Melora Marshall, Carmen Flood, Annette Perrochet (Photo by Liam Flanders)
THE CHALK GARDEN Theater Review
Noël Coward meets John Osborne in Enid Bagnold’s mid-1950s The Chalk Garden. This funny yet pointed two-acter set in an upper crust country house in Sussex, England is sort of somewhere between a Victorian era drawing room comedy and those British class conscious “Kitchen Sink” dramas that emerged mid-century in the UK.
To be sure, there is lots of witty repartee between the wannabe grand dame Mrs. St. Maugham (Ellen Geer), her (on- and offstage) daughter Olivia (Willow Geer), granddaughter/daughter Laurel (Carmen Flood), and the other dramatis personae. Although it may not be as enraged as Osborne’s classic Look Back in Anger, there is also a strong undercurrent of class conflict in Bagnold’s not-so-genteel play. (Both works emerged around the same time, although Bagnold, who was 64 when she wrote Chalk and had married into the upper class, had more regard for tradition – if not an unswerving allegiance to it.)
Although it may not be as enraged as Osborne’s classic Look Back in Anger, there is also a strong undercurrent of class conflict in Bagnold’s not-so-genteel play.
In particular, between there is class struggle between the so-called “help” and the head of the household, Mrs. St. Maugham. She clashes with Miss Madrigal (Melora Marshall), who has been hired as a governess for the unruly teenaged Laurel (who has a penchant for arson), and with the valet Maitland (Michael Nehring). Both of these servants have deep dark pasts that involve, shall we say, the prison industrial complex. Maitland served time for being a conscientious objector, although details regarding his C.O. status are regretfully never disclosed for some reason.
From the class point of view, the most intriguing character is the unseen head butler. Although Pinkbell is dying upstairs (and offstage), presided over by the much put upon Nurse (Holly Hawk), he is held in high esteem by Mrs. St. Maugham. Like Carson (Jim Carter) in Downton Abbey and Mammy (Hattie McDaniel) in Gone with the Wind (who, rather curiously, bossed around Scarlett O’Hara, as if the slave was the boss at Tara), Pinkbell is viewed as the repository of the hierarchical class system’s customs, the arbiter of taste and decorum.
Interestingly, Pinkbell’s instructions for tending to the estate’s garden are killing it, while Miss Madrigal’s directives save and revive it from ruination. Of course, this symbolizes the shifts in Britain’s postwar pecking order that threw out reactionaries such as conservative Prime Minister and empire lover Winston Churchill with the rise of the Labor Party, which implemented socialistic programs such as universal healthcare (something we Yanks are still waiting for). (Be that as it may, Labor’s Clement Attlee lost the Prime Minister-ship to the Tories by the time Bagnold wrote Chalk, but the changes had begun.)
Susan Angelo, who previously helmed Will Geer’s Theatricum Botanicum’s daring My Name is Rachel Corrie, angelically directs Chalk’s ensemble. It’s good fun to watch those two offstage sisters, Ellen and Melora, and daughter/niece Willow, spar and have at it. Nehring’s bemused Maitland seems to perpetually have his head in a fog (say, it IS England, after all). Young Carmen Flood may steal the show, with her oft-whimsical, impetuous adolescent who was ravaged in a park – or was Laurel actually molested? (Paging #MeToo!) Her murky back story is as unresolved as Maitland’s C.O. stance, while Laurel’s fire-setting has fretful Freudian implications amusingly dramatized.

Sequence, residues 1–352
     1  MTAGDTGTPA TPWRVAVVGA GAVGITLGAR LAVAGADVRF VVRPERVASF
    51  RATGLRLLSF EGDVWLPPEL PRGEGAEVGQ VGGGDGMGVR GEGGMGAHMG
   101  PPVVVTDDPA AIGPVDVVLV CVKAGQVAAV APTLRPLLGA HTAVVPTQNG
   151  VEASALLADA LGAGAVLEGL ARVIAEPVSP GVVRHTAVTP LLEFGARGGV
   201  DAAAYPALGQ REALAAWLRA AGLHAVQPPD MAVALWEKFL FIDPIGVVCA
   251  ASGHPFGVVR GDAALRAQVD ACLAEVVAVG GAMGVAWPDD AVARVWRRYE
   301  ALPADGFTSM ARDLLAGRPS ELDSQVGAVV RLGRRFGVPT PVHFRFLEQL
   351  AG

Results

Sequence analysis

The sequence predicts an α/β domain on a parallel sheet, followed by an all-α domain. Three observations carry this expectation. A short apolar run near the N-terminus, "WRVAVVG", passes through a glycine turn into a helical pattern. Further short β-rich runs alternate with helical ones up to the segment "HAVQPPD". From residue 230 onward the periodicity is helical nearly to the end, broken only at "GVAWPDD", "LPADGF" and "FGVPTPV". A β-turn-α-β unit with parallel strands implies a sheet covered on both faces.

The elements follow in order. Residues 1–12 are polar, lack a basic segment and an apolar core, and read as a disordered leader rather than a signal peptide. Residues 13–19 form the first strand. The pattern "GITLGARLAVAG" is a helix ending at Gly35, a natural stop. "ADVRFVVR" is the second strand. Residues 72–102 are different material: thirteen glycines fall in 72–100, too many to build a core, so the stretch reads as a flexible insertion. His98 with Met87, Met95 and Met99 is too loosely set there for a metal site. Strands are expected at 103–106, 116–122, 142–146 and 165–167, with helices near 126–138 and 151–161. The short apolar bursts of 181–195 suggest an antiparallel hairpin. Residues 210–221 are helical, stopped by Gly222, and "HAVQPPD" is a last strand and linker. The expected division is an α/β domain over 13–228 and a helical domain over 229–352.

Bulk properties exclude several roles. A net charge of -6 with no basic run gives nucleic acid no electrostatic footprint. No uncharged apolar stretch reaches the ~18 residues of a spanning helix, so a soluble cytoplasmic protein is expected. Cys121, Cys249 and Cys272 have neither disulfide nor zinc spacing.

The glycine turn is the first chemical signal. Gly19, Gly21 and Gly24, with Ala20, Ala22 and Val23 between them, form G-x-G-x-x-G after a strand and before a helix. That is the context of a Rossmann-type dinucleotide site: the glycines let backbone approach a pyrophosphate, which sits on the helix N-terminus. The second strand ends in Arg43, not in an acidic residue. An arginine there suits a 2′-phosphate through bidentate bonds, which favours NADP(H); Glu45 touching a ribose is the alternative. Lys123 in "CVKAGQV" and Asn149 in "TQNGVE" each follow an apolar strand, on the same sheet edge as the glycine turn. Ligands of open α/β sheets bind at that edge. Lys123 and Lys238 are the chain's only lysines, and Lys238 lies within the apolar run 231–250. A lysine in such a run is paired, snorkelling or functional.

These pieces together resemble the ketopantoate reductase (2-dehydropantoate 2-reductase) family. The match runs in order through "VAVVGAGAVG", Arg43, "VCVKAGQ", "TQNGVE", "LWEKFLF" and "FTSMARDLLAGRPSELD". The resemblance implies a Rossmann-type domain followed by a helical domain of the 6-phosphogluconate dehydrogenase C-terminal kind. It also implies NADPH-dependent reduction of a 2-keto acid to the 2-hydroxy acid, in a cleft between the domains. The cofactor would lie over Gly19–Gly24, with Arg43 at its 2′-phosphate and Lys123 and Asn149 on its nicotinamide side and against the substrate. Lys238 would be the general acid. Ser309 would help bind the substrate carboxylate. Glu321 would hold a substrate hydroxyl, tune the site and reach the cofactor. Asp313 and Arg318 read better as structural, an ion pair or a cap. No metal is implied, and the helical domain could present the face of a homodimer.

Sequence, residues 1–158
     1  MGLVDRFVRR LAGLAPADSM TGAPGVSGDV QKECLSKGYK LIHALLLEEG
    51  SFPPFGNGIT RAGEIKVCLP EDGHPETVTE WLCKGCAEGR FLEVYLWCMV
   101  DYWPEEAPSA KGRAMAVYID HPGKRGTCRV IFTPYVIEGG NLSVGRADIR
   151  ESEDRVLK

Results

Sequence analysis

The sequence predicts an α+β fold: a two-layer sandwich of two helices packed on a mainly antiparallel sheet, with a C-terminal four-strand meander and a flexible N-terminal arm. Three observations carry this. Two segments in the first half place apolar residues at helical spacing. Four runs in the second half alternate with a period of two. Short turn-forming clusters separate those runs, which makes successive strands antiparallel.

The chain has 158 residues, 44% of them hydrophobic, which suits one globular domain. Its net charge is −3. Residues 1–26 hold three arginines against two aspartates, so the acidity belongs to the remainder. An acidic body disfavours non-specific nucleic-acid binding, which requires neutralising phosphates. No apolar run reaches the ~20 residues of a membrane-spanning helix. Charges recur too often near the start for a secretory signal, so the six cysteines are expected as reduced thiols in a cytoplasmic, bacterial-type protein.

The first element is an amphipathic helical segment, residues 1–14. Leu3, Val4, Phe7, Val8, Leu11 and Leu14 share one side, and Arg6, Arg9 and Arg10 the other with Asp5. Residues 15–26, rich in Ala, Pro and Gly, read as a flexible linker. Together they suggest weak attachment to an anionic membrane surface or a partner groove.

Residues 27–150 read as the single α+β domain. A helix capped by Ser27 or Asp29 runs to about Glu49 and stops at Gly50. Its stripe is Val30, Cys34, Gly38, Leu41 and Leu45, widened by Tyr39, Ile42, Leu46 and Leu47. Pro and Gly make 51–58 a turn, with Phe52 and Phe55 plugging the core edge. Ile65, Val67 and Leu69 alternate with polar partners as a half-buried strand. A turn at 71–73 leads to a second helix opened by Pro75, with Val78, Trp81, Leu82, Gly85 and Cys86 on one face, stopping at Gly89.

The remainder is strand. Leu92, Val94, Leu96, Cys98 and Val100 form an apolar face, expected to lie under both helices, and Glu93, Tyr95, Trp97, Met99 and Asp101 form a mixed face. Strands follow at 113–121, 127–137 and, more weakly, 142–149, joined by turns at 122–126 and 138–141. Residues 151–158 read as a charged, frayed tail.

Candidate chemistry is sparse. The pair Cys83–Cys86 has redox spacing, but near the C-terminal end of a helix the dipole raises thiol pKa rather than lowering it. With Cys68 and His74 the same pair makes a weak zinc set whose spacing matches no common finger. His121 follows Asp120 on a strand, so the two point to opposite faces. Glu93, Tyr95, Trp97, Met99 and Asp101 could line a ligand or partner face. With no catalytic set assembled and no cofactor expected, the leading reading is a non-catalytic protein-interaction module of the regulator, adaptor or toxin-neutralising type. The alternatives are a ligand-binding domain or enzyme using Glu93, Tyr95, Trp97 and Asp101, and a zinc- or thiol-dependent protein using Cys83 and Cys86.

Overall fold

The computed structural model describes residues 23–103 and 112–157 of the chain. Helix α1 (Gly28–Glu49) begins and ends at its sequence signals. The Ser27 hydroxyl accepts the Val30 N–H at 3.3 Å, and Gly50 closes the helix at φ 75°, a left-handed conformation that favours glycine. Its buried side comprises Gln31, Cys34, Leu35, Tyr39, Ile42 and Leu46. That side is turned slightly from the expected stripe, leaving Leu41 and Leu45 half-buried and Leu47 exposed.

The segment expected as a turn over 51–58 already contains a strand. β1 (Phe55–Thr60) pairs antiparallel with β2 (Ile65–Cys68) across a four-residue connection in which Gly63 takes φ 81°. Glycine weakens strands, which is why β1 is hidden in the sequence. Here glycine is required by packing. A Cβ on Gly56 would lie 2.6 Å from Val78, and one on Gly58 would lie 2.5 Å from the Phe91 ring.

It is especially gratifying to see William Dennis Hunt back where he clearly belongs – on the Botanicum’s boards. As an aging magistrate this veteran thespian plays a pivotal part when his back story on the bench bends way back, intersecting with the deep dark hidden history of one of the characters. Hunt revels in his role, which is finely etched and admirably played – welcome back, good sir!
Set designer Rich Rose has rendered WGTB’s stage with a more elaborate arrangement than one usually finds on its often bare boards. The script by Bagnold, whose best known work is the equestrian novel National Velvet, contains droll dialogue, clever, breezy banter and insights into the human condition.
WGTB’s thoroughly enjoyable, well-played production is good fun throughout, with underlying dramatic points about mother-daughter relations, the class structure, the prison and legal systems and more. Chalk it up to perfection. Set amidst the natural splendor of Topanga Canyon at an amphitheater adjacent to actual gardens, the aptly named Botanicum is an ideal place to stage The Chalk Garden. To paraphrase an illumined Candide in Voltaire’s satire: “We must all cultivate our gardens.”
The Chalk Garden is playing in repertory through Sept. 30 at Will Geer’s Theatricum Botanicum: 1419 N. Topanga Canyon Blvd., Topanga, California, 90290. For repertory schedule and other information call: (310)455-3723 or see: www.Theatricum.com.
L.A.-based reviewer/historian Ed Rampell is co-presenting “Marx @ 200: The Marxist Movie Series” (https://www.gofundme.com/marx-200-the-marxist-movie-serie). The third edition of “The Hawaii Movie and Television Book” co-authored by Rampell is now available at: https://mutualpublishing.com/product/the-hawaii-movie-and-television-book/ .